"Is the Arab Spring the Arab Christian's Fall?"
Anne Zaki was born in Egypt and educated partly in that country and partly in Canada. She came to Calvin in 1995 and, dismayed by the community’s level of global awareness, she initiated the cultural variety show Rangeela. Now in its 17th year, Rangeela (Hindi for “colorful”) is perennially a sold-out event at Calvin. Following her graduation, Zaki married Naji Umran, a Canadian-Syrian student at Calvin Theological Seminary, and in the years to come, the couple had four boys: Jonathan, Sebastian, Emmanuel and Alexander. Zaki earned two master’s degrees, one in social psychology from the American University in Cairo in 2002 and one in divinity from Calvin Theological Seminary in 2009. She worked as a research and development specialist for global worship for the Calvin Institute of Christian Worship from 2003 through 2012. The couple, who pastored churches in Michigan and British Columbia, married with the plan of one day returning to Egypt to live and serve. In September 2011, nine months after the events of the Arab Spring, they did. Read more about Anne's life in Calvin's Fall 2012 issue of Spark.
Anne currently teaches at the Evangelical Presbyterian Seminary in Cairo, Egypt, and continues to serve the Calvin Institute of Christian Worship on global initiatives.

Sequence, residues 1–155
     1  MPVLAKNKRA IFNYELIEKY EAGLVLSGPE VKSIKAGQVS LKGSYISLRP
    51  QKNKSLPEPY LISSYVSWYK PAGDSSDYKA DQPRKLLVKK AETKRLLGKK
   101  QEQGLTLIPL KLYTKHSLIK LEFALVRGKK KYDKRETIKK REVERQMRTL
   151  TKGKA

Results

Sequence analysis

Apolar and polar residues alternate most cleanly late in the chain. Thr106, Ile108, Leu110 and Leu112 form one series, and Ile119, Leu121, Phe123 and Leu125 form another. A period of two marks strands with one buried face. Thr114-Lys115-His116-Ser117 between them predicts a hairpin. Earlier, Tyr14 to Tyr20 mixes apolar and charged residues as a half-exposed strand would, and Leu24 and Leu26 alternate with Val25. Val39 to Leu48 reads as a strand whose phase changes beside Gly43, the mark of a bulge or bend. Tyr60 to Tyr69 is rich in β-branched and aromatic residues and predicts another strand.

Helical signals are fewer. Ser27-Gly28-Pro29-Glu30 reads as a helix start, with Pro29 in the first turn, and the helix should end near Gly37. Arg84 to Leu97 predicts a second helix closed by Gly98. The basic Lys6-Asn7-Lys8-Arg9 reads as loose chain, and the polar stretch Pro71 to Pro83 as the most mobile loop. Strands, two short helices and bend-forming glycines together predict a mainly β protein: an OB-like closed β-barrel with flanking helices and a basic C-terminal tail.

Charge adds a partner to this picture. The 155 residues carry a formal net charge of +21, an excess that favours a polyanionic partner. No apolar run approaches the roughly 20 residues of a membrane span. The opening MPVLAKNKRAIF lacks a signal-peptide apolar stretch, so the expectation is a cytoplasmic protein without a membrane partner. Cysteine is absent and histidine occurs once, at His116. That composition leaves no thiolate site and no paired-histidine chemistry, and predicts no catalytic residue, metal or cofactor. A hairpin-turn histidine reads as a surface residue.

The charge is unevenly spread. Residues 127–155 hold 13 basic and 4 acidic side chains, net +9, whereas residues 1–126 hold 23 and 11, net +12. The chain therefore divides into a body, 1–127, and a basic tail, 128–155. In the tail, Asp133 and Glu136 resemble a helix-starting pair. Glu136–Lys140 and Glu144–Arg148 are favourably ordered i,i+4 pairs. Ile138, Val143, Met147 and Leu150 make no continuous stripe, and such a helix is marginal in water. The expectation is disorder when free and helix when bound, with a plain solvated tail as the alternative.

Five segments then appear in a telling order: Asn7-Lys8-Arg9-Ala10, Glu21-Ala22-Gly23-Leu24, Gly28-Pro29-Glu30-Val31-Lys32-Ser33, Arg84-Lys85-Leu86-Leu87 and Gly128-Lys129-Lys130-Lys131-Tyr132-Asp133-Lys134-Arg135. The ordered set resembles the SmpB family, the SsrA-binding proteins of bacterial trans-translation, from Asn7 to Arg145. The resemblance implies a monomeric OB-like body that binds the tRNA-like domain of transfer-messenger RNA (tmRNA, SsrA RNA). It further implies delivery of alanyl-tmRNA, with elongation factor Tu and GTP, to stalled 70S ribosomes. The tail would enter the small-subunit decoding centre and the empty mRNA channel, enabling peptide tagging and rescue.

Along with participating on the January Series 2014, Anne will also be a presenter at the Calvin Symposium on Worship, which is a three-day conference sponsored by the Calvin Institute of Christian Worship and the Center for Excellence in Preaching. The conference brings together a wide audience of pastors, worship leaders and planners, artists, musicians, scholars, students and other interested worshipers. People come from around the world for a time of fellowship, worship, and learning, seeking to deepen and integrate all aspects of worship, develop their gifts, encourage each other and renew their commitment to the full ministry of the church.